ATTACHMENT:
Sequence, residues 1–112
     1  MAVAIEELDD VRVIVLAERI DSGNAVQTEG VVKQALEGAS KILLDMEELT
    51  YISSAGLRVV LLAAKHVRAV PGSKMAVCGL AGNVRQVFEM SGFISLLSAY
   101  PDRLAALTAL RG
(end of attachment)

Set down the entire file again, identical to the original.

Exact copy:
Sequence, residues 1–112
     1  MAVAIEELDD VRVIVLAERI DSGNAVQTEG VVKQALEGAS KILLDMEELT
    51  YISSAGLRVV LLAAKHVRAV PGSKMAVCGL AGNVRQVFEM SGFISLLSAY
   101  PDRLAALTAL RG